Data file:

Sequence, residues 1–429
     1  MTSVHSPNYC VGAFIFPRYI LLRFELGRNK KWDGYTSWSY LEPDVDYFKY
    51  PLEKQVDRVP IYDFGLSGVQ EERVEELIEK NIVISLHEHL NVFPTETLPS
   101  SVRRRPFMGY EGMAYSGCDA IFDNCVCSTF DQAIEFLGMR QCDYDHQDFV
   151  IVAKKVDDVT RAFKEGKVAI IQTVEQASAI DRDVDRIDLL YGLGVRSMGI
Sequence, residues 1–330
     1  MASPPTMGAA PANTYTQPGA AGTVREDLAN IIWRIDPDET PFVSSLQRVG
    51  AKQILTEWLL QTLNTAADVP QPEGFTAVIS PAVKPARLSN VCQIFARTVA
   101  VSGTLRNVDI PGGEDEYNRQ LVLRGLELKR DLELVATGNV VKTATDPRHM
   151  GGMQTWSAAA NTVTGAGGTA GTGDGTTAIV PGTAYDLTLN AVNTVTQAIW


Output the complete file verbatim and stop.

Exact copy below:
Sequence, residues 1–429
     1  MTSVHSPNYC VGAFIFPRYI LLRFELGRNK KWDGYTSWSY LEPDVDYFKY
    51  PLEKQVDRVP IYDFGLSGVQ EERVEELIEK NIVISLHEHL NVFPTETLPS
   101  SVRRRPFMGY EGMAYSGCDA IFDNCVCSTF DQAIEFLGMR QCDYDHQDFV
   151  IVAKKVDDVT RAFKEGKVAI IQTVEQASAI DRDVDRIDLL YGLGVRSMGI
Sequence, residues 1–330
     1  MASPPTMGAA PANTYTQPGA AGTVREDLAN IIWRIDPDET PFVSSLQRVG
    51  AKQILTEWLL QTLNTAADVP QPEGFTAVIS PAVKPARLSN VCQIFARTVA
   101  VSGTLRNVDI PGGEDEYNRQ LVLRGLELKR DLELVATGNV VKTATDPRHM
   151  GGMQTWSAAA NTVTGAGGTA GTGDGTTAIV PGTAYDLTLN AVNTVTQAIW